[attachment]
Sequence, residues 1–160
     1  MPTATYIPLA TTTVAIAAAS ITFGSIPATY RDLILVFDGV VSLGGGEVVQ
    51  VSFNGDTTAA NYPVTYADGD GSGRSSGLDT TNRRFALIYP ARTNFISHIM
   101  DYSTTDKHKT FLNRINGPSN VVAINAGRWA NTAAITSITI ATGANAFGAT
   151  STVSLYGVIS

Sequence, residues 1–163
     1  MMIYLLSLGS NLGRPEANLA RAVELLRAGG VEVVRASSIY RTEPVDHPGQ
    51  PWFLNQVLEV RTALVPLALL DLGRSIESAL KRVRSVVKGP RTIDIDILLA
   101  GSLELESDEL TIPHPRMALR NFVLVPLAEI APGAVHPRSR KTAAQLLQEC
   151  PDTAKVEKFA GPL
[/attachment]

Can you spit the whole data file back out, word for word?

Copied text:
Sequence, residues 1–160
     1  MPTATYIPLA TTTVAIAAAS ITFGSIPATY RDLILVFDGV VSLGGGEVVQ
    51  VSFNGDTTAA NYPVTYADGD GSGRSSGLDT TNRRFALIYP ARTNFISHIM
   101  DYSTTDKHKT FLNRINGPSN VVAINAGRWA NTAAITSITI ATGANAFGAT
   151  STVSLYGVIS

Sequence, residues 1–163
     1  MMIYLLSLGS NLGRPEANLA RAVELLRAGG VEVVRASSIY RTEPVDHPGQ
    51  PWFLNQVLEV RTALVPLALL DLGRSIESAL KRVRSVVKGP RTIDIDILLA
   101  GSLELESDEL TIPHPRMALR NFVLVPLAEI APGAVHPRSR KTAAQLLQEC
   151  PDTAKVEKFA GPL